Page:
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Save Passamaquoddy Bay
3-Nation Alliance

Alliance to Protect the Quoddy Region
from LNG Development

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"For much of the state of Maine, the environment is the economy"
                                           — US Senator Susan Collins, 2012 Jun 21


Latest News

2013 October 20

Passamaquoddy Bay

Godfrey honored for LNG fight — The Working Waterfront, The Island Institute, Rockland, ME

Natural Resoures Council of Maine gives Bob Godrey its People's Choice award

EASTPORT — Tenacity and dedication. Those were the qualities cited in recommending environmental activist and Eastport resident Bob Godfrey for recognition by the Natural Resources Council of Maine (NRCM).

Godfrey was given NRCM's People’s Choice Award in October for his work as researcher, news aggregator and webmaster for the Save Passamaquoddy Bay 3 Nation Alliance. The organization formed to protect the region from proposals to develop liquefied natural gas importation facilities.

Kathy Berry and Sarah Strickland of Robbinston nominated Godfrey.

"For ten years, Bob has showed tenacity and dedication to do thorough research and keep us informed," they wrote.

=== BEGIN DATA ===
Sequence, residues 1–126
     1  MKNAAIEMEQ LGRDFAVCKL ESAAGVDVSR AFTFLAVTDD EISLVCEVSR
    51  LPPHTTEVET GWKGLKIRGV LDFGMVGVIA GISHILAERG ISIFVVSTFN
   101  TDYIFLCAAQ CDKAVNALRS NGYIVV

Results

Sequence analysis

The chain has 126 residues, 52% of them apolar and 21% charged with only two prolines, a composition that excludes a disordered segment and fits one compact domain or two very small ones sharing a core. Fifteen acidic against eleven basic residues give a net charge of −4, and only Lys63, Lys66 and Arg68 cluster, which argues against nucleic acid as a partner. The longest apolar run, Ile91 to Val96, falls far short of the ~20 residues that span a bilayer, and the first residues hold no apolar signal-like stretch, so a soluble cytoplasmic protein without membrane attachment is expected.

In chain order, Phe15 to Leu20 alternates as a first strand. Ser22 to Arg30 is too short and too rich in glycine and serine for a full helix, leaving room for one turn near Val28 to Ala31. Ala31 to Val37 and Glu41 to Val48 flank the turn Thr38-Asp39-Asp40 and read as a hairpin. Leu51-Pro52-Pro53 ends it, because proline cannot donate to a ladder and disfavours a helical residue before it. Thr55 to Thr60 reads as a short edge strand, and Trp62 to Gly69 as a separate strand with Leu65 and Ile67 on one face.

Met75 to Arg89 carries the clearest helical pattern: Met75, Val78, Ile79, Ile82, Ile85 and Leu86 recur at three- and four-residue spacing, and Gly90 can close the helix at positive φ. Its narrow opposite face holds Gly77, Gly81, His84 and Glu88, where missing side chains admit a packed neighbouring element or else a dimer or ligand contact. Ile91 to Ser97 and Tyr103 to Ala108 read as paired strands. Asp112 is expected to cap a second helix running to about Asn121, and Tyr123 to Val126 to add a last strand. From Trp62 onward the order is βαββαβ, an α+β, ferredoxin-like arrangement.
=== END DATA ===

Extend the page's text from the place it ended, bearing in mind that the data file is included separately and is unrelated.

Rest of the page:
Webmaster's comment: The article contains a factual error. Downeast LNG has not received a FERC permit to import LNG.

New Brunswick

Canaport LNG faces charges for bird kill — CBC News

Environment Canada accuses company of violating laws that protect sensitive and threatened species

Canaport LNG faces three charges after an estimated 7,500 songbirds flew in to a gas flare at the Saint John plant last September, CBC News has learned.

The charges include two alleged violations of the Migratory Birds Convention Act and one from the Species at Risk Act. Each violation carries a maximum fine of $1,000,000 for an indictable offence.

The gas flare, which killed the birds, was shut down Sept. 30, 2013, after a $45-million upgrade at Canaport LNG.

According to Environment Canada, a first court appearance in this matter is set for Jan. 21. [Colored & bold emphasis added.]


Summit faces $150K fine for damaged sewer lines (Oct 15) — Mainebiz